Aceite esencial de macis, 100 % puro, 1/2 fl oz (15 mL) Frasco con dosificador
The nutmeg tree (Myristica fragrans) is truly a gift from nature, as it provides two important international spices: nutmeg, which are the seeds, and mace, which is the crimson aril (a lacy covering) found surrounding the seeds. Native to the Spice Islands (Moluccas) of Indonesia, this small evergreen tree is also cultivated in the Caribbean, Malaysia, and India, where it’s used in everything from cuisines, perfumery, soap making, and more!
Plant Part Used
Medium strength. Rich, spicy and warm, reminiscent of freshly ground nutmeg.
Invigorating, revitalizing, & stimulating. Warming for the emotions, helping to promote a sense of comfort and openness.
Blends Well With
Bay, Black Pepper, Clary Sage, Coriander, Geranium, Lavender, Lime, Mandarin, Peru Balsam, Petitgrain, Rosemary
History of Mace
Nutmeg and mace have been a prized part of the spice trade for centuries. During the Middle Ages, it was primarily traded by Arab people, who mysteriously never revealed the source of the highly demanded spice, making it an exotic prized and costly spice throughout Europe. Today, mace lends its delicate flavor and saffron-like color to many cuisines, and is also a unique and wonderful addition to any aromatherapy collection as an essential oil.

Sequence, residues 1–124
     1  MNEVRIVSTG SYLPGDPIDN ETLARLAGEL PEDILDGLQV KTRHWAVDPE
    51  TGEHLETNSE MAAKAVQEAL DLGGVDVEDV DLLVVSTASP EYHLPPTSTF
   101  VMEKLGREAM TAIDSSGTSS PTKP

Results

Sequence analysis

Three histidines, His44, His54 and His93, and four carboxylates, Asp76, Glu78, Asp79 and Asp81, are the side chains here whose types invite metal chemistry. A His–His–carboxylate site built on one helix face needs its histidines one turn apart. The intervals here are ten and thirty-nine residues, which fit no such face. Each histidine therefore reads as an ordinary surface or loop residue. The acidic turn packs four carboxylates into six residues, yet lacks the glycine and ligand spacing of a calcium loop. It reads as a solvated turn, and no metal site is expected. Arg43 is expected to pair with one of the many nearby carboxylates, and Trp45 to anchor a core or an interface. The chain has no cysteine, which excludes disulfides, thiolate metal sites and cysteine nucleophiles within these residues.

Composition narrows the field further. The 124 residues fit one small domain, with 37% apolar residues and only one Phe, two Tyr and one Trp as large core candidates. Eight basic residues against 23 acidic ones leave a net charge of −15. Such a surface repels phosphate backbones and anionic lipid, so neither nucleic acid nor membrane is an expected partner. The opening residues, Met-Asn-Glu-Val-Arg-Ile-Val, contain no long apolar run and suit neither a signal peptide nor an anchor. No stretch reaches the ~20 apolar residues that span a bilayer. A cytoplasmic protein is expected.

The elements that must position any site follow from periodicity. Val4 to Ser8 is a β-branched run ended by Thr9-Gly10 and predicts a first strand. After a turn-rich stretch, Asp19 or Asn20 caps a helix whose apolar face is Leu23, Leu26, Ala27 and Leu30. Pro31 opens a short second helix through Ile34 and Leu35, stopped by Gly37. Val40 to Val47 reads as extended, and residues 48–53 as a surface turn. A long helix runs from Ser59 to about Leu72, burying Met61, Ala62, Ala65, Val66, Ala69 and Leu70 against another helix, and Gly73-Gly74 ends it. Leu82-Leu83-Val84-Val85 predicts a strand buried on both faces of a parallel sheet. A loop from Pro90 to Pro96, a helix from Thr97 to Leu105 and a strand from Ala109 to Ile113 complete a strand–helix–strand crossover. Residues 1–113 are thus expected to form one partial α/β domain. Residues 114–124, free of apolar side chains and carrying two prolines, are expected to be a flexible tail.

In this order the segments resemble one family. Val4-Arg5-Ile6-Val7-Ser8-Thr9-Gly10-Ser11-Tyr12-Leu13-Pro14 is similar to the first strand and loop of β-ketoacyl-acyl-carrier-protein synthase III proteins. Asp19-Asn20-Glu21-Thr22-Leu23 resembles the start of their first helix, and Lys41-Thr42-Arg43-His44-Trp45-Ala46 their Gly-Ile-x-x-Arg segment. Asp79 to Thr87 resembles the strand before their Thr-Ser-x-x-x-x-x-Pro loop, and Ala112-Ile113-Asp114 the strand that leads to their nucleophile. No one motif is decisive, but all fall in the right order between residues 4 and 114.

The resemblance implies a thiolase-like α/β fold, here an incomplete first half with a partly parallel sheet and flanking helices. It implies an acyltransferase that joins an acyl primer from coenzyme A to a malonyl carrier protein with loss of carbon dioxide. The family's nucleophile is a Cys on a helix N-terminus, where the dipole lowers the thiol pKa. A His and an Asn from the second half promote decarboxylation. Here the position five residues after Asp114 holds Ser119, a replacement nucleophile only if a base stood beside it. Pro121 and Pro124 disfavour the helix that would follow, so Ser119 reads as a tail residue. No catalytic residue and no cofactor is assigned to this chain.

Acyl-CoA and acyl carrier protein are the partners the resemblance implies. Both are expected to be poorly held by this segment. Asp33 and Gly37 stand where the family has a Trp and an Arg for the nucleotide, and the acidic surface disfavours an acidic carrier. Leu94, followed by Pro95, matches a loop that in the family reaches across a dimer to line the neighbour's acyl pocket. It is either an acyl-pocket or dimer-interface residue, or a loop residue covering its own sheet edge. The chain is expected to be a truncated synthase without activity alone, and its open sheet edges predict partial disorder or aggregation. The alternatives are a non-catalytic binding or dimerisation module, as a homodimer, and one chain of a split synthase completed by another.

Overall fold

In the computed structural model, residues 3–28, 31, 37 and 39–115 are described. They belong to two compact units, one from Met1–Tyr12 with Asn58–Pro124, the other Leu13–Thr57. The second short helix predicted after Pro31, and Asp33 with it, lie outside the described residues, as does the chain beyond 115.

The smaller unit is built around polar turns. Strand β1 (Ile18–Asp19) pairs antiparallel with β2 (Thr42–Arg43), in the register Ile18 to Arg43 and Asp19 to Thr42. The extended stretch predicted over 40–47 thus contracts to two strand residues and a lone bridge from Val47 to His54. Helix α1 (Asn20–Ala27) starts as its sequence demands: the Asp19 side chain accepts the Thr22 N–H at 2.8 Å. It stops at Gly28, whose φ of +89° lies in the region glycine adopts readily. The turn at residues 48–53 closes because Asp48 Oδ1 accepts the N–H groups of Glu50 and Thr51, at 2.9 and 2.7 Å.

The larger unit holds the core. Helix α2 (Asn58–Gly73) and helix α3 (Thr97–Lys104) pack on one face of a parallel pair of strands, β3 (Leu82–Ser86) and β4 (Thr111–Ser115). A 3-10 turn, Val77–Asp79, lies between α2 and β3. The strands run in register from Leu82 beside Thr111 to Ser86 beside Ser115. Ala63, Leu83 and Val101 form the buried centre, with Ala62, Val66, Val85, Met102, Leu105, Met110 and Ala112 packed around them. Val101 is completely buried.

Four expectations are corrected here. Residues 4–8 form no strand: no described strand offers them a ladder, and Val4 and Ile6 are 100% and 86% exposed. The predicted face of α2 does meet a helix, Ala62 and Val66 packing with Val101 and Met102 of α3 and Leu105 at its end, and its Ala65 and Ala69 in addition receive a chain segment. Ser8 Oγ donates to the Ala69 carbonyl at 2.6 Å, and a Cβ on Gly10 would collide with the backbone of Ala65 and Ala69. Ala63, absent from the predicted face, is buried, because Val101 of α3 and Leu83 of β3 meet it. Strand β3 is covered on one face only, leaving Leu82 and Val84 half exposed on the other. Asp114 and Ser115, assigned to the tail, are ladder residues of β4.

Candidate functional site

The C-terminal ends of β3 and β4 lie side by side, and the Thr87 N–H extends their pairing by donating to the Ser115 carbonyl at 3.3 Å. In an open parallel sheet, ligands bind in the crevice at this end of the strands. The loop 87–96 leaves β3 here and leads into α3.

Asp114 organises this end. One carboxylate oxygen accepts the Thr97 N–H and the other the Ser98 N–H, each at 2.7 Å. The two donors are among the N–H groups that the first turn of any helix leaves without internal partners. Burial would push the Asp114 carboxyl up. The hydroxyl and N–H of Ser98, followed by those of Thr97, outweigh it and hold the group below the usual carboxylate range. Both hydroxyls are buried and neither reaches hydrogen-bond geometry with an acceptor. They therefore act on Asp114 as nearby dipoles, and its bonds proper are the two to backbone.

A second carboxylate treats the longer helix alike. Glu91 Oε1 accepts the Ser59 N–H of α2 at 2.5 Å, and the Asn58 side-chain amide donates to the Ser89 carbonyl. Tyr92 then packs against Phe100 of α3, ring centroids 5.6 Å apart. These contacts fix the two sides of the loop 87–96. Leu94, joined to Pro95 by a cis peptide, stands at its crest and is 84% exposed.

Using Mace Oil
All essential oil blends are for aromatherapy use only and are not for ingesting!
Bath & Shower
Add 5-10 drops of mace oil to hot bath water, or sprinkle into shower steam before getting in for an at-home spa experience.
8-10 drops of essential oil per 1 ounce of carrier oil. Apply a small amount directly to areas of concern, such as muscles, skin or joints. Work the oil gently into the skin until it is fully absorbed to fully experience the benefits of mace oil.
Inhale the aromatic vapors directly from the bottle, or place a few drops in a burner or diffuser to fill a room with its scent.
Mace Oil can be used in your homemade DIY projects, such as in candles, soaps, and body care products!